Although there is little doubt that the Internet of Things (IoT), a technology designed around devices sharing information and data with each other, is the future of a connected world, it also means more things that can be hacked. Adding to the worry is a new report from HP that says around 70% of the most popular devices in some of the most common IoT niches are easily hackable.

Conducted by HP's security unit Fortify, the study covered 10 kinds of IoT gadgets, such as TVs, webcams, home thermostats, remote power outlets, sprinkler controllers, hubs for controlling multiple devices, door locks, home alarms, scales, and garage door openers.

The company said these 10 devices were tested for around three weeks, during which a total of 250 security flaws were identified, averaging 25 vulnerabilities per device. Some of the common issues found involved privacy concerns, insufficient authorization, lack of data transport encryption, insecure web interfaces, and inadequate software protection.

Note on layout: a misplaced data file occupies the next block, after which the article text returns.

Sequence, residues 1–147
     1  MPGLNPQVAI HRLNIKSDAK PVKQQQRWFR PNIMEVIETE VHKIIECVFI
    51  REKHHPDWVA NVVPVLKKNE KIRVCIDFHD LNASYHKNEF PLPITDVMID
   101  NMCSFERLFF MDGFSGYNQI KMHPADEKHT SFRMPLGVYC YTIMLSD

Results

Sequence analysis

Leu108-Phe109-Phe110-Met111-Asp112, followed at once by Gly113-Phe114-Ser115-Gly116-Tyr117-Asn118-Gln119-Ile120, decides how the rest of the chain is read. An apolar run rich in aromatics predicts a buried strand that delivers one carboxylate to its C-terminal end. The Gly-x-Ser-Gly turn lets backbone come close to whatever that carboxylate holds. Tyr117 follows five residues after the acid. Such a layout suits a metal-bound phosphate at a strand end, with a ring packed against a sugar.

However, the PC maker said that most of the flaws discovered are easily addressable. For example, missing features like strong passwords, encrypted communications, and more shouldn't be hard to add.

"While the Internet of Things will connect and unify countless objects and systems, it also presents a significant challenge in fending off the adversary given the expanded attack surface", Fortify vice president Mike Armistead said in a press release.

According to Gartner, the Internet of Things will reach 26 billion units installed by 2020. Security should be on top of the priority list for IoT device manufacturers because if hackers are able to break in, there's no telling what sort of damage could be done.